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A PC By Any Other Name is Still a PC

By Paul Chin

Originally published in Intranet Journal's Chin Music (26-Sep-2008)

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Microsoft ads haven't really changed over the years—until recently. They've always had the same ring to them, mirroring Microsoft as company and reflecting the products they put out on the market. They were grandiose, loud, and ready to take on the world. Viewers were bombarded with fast-paced imagery—winding roads, mazes of skyscrapers, open landscapes, busy offices, laughing children—set to the beat of The Rolling Stones' energetic "Start Me Up" or Madonna's frenetic "Ray of Light".

To tell you the truth, Microsoft commercials always reminded me of one of those elaborate Chinese or North Korean military parades that roll down the nation's capital in a show of strength and force. Row upon row of tanks and mobile missile launchers would follow a phalanx of goose stepping soldiers while emotionless onlookers, flanked on either side, are forced to wave their country's flag in "support". It was all about size; the bigger, the better.

Then came Apple's brilliantly simple "I'm a Mac" campaign. These ads also mirror Apple as a company and reflect the products it puts out on the market. They're the antithesis of Microsoft's ads: simple, humorous, creative, and fun. The Mac ads are not flashy in any way. They're no-frills commercials that play on consumers' sense of humor rather than overwhelm their visual and auditory senses with a lot of flash and bombast.

Apple's and Microsoft's campaigns represent their respective companies perfectly. Then someone came up with the bright idea of fighting humor with humor—with Jerry Seinfeld. Unlike Apple, Microsoft just can't do simple. Microsoft has to hit everyone over the head with one of the most recognizable faces in comedy. Everything has to be big.

But the ad fell flat and garnered a lot of negative online reaction, prompting many in the IT community to ask, "Is this the worst technology ad ever made?" It's going to take a lot more than a 90 second commercial to update a brand image that's been cemented in computer users' heads over the span of two decades.

The ad tries to be hip and cool, but comes off embarrassingly ineffective at updating its brand image or undoing the damage caused by Apple's commercials. The Gates-Seinfeld ad tries too hard to make Microsoft appear to be something it's not, like a 70-year-old grandmother in a tight leather miniskirt and bubblegum colored lipstick. That's just wrong.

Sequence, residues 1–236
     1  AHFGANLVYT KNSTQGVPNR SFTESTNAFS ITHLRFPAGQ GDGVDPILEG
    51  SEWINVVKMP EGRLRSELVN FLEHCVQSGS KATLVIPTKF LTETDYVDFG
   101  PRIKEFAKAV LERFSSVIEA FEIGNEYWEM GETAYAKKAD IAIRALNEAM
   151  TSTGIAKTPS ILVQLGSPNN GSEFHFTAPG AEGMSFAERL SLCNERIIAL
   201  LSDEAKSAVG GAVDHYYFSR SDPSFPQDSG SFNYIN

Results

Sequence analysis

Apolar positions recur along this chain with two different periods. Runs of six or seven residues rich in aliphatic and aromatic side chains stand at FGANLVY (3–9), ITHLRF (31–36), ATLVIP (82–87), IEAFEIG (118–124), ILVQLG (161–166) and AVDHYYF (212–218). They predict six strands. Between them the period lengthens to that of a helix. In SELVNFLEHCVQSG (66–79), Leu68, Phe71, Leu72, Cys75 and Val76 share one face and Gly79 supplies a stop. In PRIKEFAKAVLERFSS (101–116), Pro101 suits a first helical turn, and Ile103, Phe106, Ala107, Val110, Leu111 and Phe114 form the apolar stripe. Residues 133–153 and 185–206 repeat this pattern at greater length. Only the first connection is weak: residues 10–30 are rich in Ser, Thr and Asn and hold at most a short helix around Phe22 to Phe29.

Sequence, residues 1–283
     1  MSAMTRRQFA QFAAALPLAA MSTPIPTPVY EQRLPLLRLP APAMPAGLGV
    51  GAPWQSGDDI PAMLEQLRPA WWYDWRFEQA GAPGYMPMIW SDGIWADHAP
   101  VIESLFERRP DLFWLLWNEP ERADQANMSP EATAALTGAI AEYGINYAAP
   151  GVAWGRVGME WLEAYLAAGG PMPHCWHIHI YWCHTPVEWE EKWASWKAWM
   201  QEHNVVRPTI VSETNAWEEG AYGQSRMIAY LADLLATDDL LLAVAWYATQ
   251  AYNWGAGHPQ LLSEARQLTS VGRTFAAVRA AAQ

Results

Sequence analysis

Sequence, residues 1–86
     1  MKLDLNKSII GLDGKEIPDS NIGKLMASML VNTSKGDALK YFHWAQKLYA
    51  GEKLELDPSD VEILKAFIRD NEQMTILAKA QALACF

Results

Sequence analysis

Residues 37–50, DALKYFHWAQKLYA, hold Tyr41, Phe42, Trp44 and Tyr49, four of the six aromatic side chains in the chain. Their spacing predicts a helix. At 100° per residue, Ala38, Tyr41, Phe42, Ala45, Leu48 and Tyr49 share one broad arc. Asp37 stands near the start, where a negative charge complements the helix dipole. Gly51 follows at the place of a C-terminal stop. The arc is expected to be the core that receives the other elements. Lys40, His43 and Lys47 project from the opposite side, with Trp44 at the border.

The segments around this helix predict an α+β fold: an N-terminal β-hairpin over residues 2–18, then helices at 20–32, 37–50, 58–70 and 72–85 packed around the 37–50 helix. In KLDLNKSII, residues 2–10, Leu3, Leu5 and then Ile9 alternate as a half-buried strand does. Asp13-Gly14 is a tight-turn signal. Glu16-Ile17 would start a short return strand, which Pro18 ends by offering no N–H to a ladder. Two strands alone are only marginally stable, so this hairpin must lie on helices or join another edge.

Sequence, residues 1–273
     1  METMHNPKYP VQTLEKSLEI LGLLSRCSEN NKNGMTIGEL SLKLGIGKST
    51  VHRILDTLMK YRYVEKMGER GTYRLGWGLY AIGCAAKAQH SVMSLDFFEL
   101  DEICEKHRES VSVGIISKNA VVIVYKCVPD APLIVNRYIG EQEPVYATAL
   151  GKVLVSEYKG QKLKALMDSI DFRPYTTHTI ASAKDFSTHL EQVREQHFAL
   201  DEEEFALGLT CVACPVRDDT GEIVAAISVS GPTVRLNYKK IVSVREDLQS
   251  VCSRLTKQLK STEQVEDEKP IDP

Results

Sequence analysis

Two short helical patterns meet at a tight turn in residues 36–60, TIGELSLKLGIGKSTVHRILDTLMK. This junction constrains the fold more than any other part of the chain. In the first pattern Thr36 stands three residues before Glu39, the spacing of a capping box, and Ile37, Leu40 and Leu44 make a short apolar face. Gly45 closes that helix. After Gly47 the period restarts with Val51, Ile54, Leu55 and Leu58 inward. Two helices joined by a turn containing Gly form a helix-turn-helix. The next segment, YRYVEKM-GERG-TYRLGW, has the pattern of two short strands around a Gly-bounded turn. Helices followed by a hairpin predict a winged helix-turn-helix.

Microsoft went from shoving its products in your face to not mentioning them at all. But in order for this kind of marketing technique to work, you have to replace the product with something—something humorous, something sexy, something off-the-wall. Calvin Klein ads, for all their pretension, can get away with showing its jeans draped over a chair off in the background for only a fraction of a second in a 30 second commercial because it uses glamor and sex in its ads to target its core audience.

The Gates-Seinfeld ad, however, replaces Microsofts blatant, in-your-face marketing with a whole lot of nothing. Is this the future of Microsoft's ad campaign? Is Microsoft trying to endear the company and its products to users with the same "show about nothing" quirkiness that ingrained Seinfeld's sitcom into popular culture? Nope.

Microsoft takes a sharp turn and comes out with a follow-up commercial sans Seinfeld. Microsoft's Gates-Seinfeld ad transitions to its "I'm a PC" ad, a direct response to Apple's "I'm a Mac" ad, as smoothly as Rachmaninoff transitions to The Ramones. I guess Microsoft doesn't do segues either...

So, has Microsoft's multi-million dollar ad campaign reinvigorated its brand? Has it succeeded in casting the company and its products in a new, hipper light? Well, after watching its commercials a number of times, all I have to say is, "yada, yada, yada..."


Copyright © 2008 Paul Chin. All rights reserved.
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